Regex Questions :

Answers

  1. Find any text which has Letters which starts with Capital Letters only?(Example : Java)
  2. Find any words which does not contain character en in it? (Example : word “engine” is not be found in the search)
  3. Find repeated words which are together? (Exampel : “the the” word together should not appear )

Random Text Below for these questions

  1. Examples are the open source PCRE engine (used in many tools and languages like PHP), the .NET
    regular expression library, and the regular expression package included with version 1.4 and later of the Java
    JDK. I will point out to you whenever differences in regex flavors are important, and which features are
    specific to the Perl-derivatives mentioned above.
    Give Regexes a First Try
    You can easily try the following yourself in a text editor that supports regular expressions, such as EditPad
    Pro. If you do not have such an editor, you can download the free evaluation version of EditPad Pro to try
    this out. EditPad Pro’s regex engine is fully functional in the demo version. As a quick test, copy and paste
    the text of this page into EditPad Pro. Then select Search|Show Search Panel from the menu. In the search
    pane that appears near the bottom, type in «regex» in the box labeled “Search Text”. Mark the “Regular
    expression” checkbox, and click the Find First button. This is the leftmost button on the search panel. See
    how EditPad Pro’s regex engine finds the first match. Click the Find Next button, which sits next to the Find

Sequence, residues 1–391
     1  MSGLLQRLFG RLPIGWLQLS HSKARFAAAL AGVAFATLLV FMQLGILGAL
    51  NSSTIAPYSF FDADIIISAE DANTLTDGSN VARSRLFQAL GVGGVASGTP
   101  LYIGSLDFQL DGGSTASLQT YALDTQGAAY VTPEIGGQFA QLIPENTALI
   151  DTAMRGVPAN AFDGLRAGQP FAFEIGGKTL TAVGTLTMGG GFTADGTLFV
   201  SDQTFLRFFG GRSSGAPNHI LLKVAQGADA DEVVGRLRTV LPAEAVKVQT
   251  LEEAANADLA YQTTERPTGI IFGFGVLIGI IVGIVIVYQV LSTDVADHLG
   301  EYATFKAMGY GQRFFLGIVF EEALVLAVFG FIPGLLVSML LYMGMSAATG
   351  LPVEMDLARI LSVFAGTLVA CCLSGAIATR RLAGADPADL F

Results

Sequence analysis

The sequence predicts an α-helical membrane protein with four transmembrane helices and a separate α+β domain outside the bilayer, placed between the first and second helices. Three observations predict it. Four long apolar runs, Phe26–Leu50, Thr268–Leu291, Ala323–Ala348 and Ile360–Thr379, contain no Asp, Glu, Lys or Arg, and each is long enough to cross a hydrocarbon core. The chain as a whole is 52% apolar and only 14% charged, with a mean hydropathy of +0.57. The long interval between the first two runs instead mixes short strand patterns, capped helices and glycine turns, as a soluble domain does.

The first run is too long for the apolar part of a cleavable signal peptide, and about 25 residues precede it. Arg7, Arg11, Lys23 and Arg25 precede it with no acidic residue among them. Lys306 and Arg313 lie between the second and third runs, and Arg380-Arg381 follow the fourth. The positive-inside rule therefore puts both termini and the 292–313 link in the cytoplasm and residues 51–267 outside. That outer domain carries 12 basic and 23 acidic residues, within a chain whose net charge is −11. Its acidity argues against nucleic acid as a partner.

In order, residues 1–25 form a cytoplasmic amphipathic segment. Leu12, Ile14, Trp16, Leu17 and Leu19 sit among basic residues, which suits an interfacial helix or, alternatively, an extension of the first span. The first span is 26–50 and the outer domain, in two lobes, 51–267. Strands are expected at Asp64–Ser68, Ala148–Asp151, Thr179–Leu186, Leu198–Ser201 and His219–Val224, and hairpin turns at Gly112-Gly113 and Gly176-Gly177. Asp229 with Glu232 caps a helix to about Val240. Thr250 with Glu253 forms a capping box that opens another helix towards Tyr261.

First button, to find further matches. When there are no further matches, the Find Next button’s icon will
    flash briefly.
    Now try to search using the regex «reg(ular expressions?|ex(p|es)?)» . This regex will find all
    names, singular and plural, I have used on this page to say “regex”. If we only had plain text search, we would
    have needed 5 searches. With regexes, we need just one search. Regexes save you time when using a tool like
    EditPad Pro. Select Count Matc1+1=2hes in the Search menu to see how many times this regular expression can
    match the file you have open in EditPad Pro.
    If you are a programmer, your software will run faster since even a simple regex engine applying the above
    regex once will outperform a state 1+1=2 of the art plain text search algorithm searching through the data five times.
    Regular
    expressions also
    reduce
    development time.
    With a regex
    engine, it takes
    only one line (e.g.
    in Perl, PHP, Java
    or .NET) or a
    couple of lines
    (e.g. in C using
    PCRE) of code to,
    say, check if the
    user’s input looks
    like a valid email
    address.

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